The strikers’ demands are not only social ones. More generally, the partnership with Ferrum Mining is targeted. According to the unions’ leader, "Brieville and Andriamena have been in operation for almost 50 years, the foreigners left in 1980 and since then it has been the Malagasy who have been running this company, with no issues. We don’t need foreigners, we have got the experience for that [note: mining]. [...] The strike will not end until the contract with the Russians is cancelled."

For Mr. KARIAVKIN, "We worked very well with the plant’s staff in November. We had no problem with them before the union’s representatives came from the central office." So why are these unions demanding they leave? "Which unions?" retorts Mr KARIAVKIN. "We do not know these people. They do not speak to us at all [...] We kept all our promises, we signed all the documents [note: certifying that the staff’s benefits would be maintained]." According to Mr. KARIAVKIN, staff are being threatened to discourage them from working with the Russians.

Interviewed for this investigation, Mr. RAMANANTSOA, current Chairman of the KRAOMA SA Board of Directors, notes that Ferrum Mining employees "do not know Malagasy culture and this is what caused frustration as well as the strike." To RAMANANTSOA, the distribution of shares in the joint venture is also an issue: "The terms and conditions of the shareholders agreement are not clear to everyone and they must be further refined as the partnership develops. This lack of understanding leads to misunderstandings and frustrations that must be ironed out among all stakeholders."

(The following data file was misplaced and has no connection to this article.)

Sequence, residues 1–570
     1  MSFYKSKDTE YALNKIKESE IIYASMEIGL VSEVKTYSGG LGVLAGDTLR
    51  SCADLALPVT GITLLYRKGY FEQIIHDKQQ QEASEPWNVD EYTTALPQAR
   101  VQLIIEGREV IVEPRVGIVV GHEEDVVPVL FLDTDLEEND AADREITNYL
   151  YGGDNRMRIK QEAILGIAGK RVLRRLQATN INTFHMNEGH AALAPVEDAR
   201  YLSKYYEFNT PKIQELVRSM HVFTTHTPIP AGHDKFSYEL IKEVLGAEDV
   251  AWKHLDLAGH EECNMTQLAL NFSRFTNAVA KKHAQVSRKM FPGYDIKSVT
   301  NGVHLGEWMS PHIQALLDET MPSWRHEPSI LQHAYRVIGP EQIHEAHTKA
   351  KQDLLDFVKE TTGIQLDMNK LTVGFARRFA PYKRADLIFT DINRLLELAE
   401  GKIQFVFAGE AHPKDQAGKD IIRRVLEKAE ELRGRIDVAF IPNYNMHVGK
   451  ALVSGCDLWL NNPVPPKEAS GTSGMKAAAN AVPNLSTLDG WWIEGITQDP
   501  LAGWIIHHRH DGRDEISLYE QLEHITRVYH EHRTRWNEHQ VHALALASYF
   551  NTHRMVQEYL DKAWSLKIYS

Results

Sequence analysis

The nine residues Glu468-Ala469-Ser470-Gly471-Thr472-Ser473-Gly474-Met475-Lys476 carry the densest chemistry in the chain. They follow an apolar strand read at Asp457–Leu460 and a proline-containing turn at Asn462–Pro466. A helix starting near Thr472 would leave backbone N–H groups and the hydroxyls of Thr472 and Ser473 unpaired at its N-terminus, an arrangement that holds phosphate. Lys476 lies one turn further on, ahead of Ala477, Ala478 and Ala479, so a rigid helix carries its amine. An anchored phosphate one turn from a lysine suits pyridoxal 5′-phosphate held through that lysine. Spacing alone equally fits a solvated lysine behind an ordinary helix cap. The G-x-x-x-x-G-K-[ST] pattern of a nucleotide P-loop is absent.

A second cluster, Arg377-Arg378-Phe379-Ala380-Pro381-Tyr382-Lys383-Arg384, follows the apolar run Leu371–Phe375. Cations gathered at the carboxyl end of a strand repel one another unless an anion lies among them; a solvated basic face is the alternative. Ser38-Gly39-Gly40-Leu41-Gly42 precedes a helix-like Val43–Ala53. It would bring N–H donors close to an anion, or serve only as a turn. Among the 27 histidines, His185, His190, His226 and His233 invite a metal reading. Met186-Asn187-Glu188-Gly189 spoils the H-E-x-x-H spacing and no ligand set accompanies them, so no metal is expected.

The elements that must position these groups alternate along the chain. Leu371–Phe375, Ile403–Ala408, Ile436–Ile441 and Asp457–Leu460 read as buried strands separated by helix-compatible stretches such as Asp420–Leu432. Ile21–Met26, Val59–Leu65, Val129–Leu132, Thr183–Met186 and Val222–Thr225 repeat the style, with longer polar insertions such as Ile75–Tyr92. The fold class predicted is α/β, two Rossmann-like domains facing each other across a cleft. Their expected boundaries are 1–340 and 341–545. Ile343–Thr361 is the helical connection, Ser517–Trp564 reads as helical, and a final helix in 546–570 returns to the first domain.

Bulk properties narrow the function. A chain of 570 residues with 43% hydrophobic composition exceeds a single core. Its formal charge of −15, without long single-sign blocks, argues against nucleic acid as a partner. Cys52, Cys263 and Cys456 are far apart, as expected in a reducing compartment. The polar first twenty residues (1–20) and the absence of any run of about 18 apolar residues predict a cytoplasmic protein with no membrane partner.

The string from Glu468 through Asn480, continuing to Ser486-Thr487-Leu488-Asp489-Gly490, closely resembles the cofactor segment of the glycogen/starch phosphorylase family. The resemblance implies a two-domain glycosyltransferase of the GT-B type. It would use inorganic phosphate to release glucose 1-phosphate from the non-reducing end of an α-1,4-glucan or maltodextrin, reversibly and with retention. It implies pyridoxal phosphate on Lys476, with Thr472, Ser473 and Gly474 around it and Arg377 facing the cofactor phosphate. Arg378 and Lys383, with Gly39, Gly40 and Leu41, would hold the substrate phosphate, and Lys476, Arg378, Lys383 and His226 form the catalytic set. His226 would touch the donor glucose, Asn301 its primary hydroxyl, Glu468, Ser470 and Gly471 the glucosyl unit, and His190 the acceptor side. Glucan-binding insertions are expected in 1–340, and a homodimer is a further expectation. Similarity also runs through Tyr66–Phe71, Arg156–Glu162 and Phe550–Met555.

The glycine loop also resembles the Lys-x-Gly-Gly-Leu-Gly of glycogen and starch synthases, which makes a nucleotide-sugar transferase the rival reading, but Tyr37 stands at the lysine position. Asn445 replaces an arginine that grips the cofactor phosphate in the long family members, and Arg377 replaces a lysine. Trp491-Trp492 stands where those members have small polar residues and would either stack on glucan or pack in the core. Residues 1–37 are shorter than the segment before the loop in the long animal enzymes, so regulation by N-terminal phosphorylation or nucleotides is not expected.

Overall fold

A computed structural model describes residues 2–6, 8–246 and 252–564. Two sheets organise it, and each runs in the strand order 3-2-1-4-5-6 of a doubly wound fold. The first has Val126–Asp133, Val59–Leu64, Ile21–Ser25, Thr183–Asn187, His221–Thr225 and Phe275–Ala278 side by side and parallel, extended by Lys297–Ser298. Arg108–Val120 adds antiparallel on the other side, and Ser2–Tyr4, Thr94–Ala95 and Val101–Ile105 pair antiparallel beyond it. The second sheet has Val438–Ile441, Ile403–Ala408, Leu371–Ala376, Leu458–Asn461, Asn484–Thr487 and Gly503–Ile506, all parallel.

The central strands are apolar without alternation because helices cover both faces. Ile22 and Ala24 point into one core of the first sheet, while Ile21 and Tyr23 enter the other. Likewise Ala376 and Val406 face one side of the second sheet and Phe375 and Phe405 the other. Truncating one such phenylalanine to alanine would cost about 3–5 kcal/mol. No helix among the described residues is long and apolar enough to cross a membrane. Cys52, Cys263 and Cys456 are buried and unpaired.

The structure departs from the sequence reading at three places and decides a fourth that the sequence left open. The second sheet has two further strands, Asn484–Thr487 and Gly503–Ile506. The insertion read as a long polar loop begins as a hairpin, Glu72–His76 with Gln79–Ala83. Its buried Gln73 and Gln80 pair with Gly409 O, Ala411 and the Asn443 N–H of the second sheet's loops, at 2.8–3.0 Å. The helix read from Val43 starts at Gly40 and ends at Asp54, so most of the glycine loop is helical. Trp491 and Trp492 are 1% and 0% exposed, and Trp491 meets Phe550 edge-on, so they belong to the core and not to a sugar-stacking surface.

The Finance and Budget Ministry, acting as the financial supervisor of KRAOMA SA, is demanding that the partnership between KRAOMA SA and Ferrum Mining be rebalanced in practical terms.

In a letter received by KRAOMA SA on 20 December 2018 and addressed to its acting general manager, the Finance and Budget Minister notes that "[i]n its current state, the partnership agreement and the farmout agreement are not playing a part in the recovery of [KRAOMA SA]. I therefore have the honour to request that you take the necessary steps to review the terms of the partnership agreement, especially what relates to the inclusion of contributions in kind in the share capital or in shareholder current account after valuation by a contribution commissioner, the provision of equipment and materials for a fee, and the method of distribution of income from the new company. For the farmout agreement, payment should not be diluted in the net profits shared under the partnership agreement.” An unequivocal call to order for KRAOMA SA’s executives who failed to sufficiently consider the company's interests when forming KRAOMA MINING SA.